This book is one of the first comprehensive studies of Islam as locally understood in the Middle East. Specifically, it is concerned with the prevalent North African belief that certain men, called marabouts, have a special relation to God that enables them to serve as intermediaries and to influence the well-being of their clients and kin. Dale F. Eickelman examines the Moroccan pilgrimage center of Boujad and unpublished Moroccan and French archival materials related to it to show how popular Islam has been modified by its adherents to accommodate new social and economic realities. In the course of his analysis he demonstrates the necessary interrelationship between social history and the anthropological study of symbolism.
Eickelman begins with an outline of the early development of Islam in Morocco, emphasizing the "maraboutic crisis" of the fourteenth through sixteenth centuries. He also examines the history and social characteristics of the Sherqawi religious lodge, on which the study focuses, in preprotectorate Morocco. In the central portion of the book, he analyzes the economic activities and social institutions of Boujad and its rural hinterland, as well as some basic assumptions the townspeople and tribesmen make about the social order. Finally, there is an intensive discussion of maraboutism as a phenomenon and the changing local character of Islam in Morocco.
In focusing on the "folk" level of Islam, rather than on "high culture" tradition, the author has made possible a more general interpretation of Moroccan society that is in contrast with earlier accounts that postulated a marked discontinuity between tribe and town, past and present.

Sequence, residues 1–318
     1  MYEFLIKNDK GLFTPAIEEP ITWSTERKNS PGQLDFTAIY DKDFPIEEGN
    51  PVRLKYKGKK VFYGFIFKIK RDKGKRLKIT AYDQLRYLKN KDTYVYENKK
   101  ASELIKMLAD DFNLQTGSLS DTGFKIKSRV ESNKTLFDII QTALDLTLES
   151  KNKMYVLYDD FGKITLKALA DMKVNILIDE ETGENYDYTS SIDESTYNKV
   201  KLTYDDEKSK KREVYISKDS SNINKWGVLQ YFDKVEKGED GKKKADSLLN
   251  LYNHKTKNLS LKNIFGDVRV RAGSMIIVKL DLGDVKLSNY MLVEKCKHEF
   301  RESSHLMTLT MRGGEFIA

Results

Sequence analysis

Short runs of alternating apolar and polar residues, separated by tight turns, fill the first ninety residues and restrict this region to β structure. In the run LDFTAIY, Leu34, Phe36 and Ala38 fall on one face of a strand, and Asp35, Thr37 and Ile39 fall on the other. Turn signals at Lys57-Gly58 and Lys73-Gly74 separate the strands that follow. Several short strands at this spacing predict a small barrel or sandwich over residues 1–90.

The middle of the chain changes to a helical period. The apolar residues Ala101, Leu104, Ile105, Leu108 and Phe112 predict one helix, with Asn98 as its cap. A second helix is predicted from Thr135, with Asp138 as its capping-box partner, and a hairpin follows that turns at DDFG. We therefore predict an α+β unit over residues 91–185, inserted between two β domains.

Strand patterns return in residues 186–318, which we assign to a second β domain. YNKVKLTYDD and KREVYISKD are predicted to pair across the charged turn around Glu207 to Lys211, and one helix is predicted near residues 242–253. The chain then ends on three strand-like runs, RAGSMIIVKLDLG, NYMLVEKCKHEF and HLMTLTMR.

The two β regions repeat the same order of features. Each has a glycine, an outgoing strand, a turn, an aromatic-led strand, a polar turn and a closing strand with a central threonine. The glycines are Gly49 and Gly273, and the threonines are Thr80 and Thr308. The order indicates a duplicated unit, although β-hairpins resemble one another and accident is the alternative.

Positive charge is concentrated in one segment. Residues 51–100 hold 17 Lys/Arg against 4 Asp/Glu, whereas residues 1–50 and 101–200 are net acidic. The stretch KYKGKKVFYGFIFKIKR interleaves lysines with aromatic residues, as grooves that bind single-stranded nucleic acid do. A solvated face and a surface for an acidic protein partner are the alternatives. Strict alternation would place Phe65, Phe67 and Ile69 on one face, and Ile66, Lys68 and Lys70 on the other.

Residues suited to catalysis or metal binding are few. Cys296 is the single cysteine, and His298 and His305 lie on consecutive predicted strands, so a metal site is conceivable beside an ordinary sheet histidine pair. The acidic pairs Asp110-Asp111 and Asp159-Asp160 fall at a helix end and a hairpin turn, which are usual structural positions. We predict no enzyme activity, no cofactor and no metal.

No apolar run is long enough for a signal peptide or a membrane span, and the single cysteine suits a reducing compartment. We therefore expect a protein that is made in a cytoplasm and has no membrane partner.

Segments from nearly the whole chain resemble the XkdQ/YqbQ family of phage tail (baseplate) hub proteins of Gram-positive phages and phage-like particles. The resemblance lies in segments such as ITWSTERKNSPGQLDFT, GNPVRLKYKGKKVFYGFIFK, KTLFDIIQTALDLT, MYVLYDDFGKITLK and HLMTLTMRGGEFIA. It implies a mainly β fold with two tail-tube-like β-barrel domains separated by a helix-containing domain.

Dale F. Eickelman is Ralph and Richard Lazarus Professor of Anthropology and Human Relations (Emeritus) at Dartmouth University.
... a very thoroughly researched, sensitively interpreted, elegantly and readably presented case study.
~Times Literary Supplement
Eickelman focuses less on social structure and more on the symbolic components of Sherqawi Maraboutism, thereby making an important statement about the content and importance of 'popular' Islam in North Africa. He writes a finely balanced description laced with case materials, analysis, and illustrations. Careful attention to detail, the well-thought-out presentation, and very usable index and glossary make this book pleasant to read as well as informative.... a welcome addition to the growing literature on the structure and meaning of Sufism in the traditional and modern Middle East.
Note on Transliteration
1. Morocco, Islam, and the Maraboutic Crisis
2. Marabouts and Local Histories: The Sherqawa
3. Boujad: The Town and Its Region
4. Social Structure
5. Impermanence and Inequality: The Common-Sense Understanding of the Social Order
6. The Ideology of Maraboutism
7. Sherqawi Identity
8. From Center to Periphery: The Fragmentation of Maraboutism
Appendix. The Wheel of Fortune: The Last Maraboutic Intrigues
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